Monday, January 01, 2007

Tables, Cocktail

please save a cocktail table2007 is upon us gentle readers. The last month has been filled with travel, guests, and cocktails.

Usually, I spend time thinking of what my New Year's resolutions are going to be - only this year I started thinking about what was already good - not what I wanted to change. When I say "already good", I am talking about what works in my life, what positive things have come from my over the top, neurotic behavior. What is the clever saying? "If it ain't broke, don't fix it" - there were too many things to focus on retaining, rather that what behaviors I would discard, or modify. G-d knows I have enough bad habits, but I quite enjoy them.

One of the things I decided that I loved were my cocktail tables. How can a person have cocktail parties if they don't own cocktail tables? This is a question I am not prepared to even think about, life would be so challenging without them.

And because I love my cocktail tables sooo much, I have decided to impart more gentle wisdom on my devoted readers. There is one thing you can have in your life, if you too are devotees of the cocktail table.

Coasters.

I have been accused in the past of being a "Coaster Nazi", and while not a term that is often used in polite society, it is none the less true. Do not set a beverage or bevvy as we call them in my world, on a cocktail table without a coaster. To mar the beauty of a cocktail table is an unfathomable tragedy, by my own standards. Like pulling whiskers off a kitten, or letting the water run low in the goldfish bowl. Pure acts of horror. Horror. Why deface such a valuable member of your household furniture?

Now I am sure some of you are thinking "there are starving children in China, unrest in the middle east - and you are worried about water rings on a cocktail table?" To those people I say "but someone must be concerned", and frankly, I am ready to champion this cause.

My cocktail tables are vintage War era furniture. And for those of you who are virgin readers may ask "War? Which war? Vietnam?" To you, I say "no", THE WAR. WWII my dear, new, reader. They have been white washed, and look quite smart. One misplaced coffee mug could ruin them for all eternity - and so, I suggest the coaster.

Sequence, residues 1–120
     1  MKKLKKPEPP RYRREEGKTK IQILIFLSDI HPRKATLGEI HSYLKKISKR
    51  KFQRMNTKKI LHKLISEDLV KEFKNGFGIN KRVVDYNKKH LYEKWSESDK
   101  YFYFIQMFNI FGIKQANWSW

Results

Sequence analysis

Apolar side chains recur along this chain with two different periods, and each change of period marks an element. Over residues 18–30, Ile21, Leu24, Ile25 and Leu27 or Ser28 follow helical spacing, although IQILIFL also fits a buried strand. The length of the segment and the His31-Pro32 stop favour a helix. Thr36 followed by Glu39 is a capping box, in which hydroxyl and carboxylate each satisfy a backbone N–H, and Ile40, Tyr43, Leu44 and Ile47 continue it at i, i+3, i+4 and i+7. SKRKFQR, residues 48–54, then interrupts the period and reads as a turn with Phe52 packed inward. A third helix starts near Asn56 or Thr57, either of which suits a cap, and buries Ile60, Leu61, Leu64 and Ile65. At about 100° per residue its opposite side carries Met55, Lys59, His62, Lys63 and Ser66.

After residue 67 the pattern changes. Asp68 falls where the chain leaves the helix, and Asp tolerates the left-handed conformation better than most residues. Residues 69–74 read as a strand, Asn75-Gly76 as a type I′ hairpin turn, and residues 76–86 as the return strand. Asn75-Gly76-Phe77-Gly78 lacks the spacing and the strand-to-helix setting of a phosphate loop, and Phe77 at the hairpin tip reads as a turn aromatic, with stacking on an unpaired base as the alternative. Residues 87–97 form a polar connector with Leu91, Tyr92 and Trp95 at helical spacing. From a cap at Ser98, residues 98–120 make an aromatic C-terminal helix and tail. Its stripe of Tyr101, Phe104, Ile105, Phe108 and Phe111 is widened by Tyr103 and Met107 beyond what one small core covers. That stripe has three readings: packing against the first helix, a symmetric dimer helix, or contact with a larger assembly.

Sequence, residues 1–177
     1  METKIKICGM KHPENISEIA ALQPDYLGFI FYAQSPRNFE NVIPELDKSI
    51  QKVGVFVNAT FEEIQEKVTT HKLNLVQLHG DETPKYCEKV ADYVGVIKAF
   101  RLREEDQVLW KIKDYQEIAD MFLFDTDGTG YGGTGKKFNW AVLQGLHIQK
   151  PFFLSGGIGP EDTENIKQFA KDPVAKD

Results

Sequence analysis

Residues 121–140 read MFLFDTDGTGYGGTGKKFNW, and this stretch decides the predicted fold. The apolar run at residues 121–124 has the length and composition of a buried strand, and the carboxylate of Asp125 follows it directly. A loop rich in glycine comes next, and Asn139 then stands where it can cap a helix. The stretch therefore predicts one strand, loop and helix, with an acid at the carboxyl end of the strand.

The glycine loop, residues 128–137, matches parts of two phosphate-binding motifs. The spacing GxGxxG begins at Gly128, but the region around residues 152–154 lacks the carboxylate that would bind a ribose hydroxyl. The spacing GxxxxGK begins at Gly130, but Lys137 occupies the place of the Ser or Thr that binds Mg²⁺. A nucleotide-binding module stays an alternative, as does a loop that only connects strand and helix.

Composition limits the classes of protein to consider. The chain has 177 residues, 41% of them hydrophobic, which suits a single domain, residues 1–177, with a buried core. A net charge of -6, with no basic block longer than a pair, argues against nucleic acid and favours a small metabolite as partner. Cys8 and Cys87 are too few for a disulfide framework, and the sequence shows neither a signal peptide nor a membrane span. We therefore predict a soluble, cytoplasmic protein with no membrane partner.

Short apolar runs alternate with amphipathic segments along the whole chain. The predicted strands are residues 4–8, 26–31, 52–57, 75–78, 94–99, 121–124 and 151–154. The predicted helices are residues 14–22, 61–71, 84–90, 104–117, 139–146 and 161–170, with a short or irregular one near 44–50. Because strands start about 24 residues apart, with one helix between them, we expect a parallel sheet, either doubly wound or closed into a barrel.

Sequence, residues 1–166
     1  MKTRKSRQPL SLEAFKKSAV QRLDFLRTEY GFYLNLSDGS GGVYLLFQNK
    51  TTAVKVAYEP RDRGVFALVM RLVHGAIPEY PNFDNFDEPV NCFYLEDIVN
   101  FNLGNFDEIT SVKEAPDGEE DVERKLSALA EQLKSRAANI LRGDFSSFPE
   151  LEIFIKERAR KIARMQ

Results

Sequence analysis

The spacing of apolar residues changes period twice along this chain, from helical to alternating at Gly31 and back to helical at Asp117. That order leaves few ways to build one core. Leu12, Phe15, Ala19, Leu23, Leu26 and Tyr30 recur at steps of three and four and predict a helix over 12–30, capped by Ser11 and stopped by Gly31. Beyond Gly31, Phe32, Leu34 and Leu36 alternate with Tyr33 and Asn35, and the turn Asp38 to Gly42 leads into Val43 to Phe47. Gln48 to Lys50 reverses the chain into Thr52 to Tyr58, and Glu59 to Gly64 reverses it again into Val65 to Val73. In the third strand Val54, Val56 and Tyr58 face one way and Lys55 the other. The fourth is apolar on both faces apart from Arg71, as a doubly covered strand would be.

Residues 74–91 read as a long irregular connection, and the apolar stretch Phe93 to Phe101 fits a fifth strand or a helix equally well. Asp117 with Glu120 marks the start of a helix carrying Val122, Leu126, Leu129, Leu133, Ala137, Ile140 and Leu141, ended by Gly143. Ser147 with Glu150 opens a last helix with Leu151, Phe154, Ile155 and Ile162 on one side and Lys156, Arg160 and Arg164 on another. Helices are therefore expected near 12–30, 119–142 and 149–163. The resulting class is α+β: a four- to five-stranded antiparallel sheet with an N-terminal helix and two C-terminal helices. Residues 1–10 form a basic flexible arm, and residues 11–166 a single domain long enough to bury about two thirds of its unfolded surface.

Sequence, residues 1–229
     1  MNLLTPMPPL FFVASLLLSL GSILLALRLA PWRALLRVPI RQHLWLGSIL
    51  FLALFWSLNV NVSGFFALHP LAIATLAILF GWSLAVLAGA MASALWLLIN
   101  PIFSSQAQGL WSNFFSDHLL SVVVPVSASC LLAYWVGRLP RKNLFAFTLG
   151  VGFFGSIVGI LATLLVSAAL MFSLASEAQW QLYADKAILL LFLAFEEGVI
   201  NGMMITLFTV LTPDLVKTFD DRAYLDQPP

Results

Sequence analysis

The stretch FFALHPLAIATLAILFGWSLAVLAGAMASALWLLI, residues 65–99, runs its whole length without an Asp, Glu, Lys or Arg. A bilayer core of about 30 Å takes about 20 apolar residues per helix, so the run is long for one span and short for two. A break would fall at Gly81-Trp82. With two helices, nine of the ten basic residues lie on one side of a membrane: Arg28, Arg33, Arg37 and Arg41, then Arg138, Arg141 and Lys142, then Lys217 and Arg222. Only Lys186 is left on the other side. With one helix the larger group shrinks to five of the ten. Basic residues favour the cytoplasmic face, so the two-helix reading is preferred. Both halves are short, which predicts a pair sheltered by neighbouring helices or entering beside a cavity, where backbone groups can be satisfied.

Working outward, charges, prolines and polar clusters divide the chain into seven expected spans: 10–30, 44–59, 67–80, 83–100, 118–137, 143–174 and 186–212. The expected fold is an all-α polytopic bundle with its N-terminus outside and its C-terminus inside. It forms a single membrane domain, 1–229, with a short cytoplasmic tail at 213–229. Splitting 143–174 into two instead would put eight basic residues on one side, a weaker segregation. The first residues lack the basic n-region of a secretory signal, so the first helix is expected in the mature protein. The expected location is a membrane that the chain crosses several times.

My coasters are made of tumbled marble. They are smart and sturdy, and serve to protect my tables like little knights in shining marble. How many of you have suffered trying to remove a water circle from your table? I understand your pain. I purchased several pieces of War era furniture for my bedroom - the bureau was scarred with one of these milky rings. It took me forever to bring it back to its original glory - and with this task, I was converted into an advocate for those who can't speak for themselves.

My advice dear reader, as in any organized neat space, is to keep it that way. No one wants to have a cocktail party on a table that looks like it spent its best years in the back room of an Odd Bins. Encourage/Force your guests to use coasters.

This can be done by setting a good example for them by doing so yourself. If the host is doing it, it is de rigeur for the visitor as well. Some people with carpet (and I choke at the idea of carpet) ask people to remove their shoes. I have found that I'd rather have guests fully clothed in my home - but aware of leaving behind no evidence that they were here. Perhaps I've had too much Agatha Christie, but trust me, coasters are a fantastic suggestion.

May your 2007 be ring free, gentle readers.

Moral of this blog: Save the cocktail tables. What would this world be like without them?

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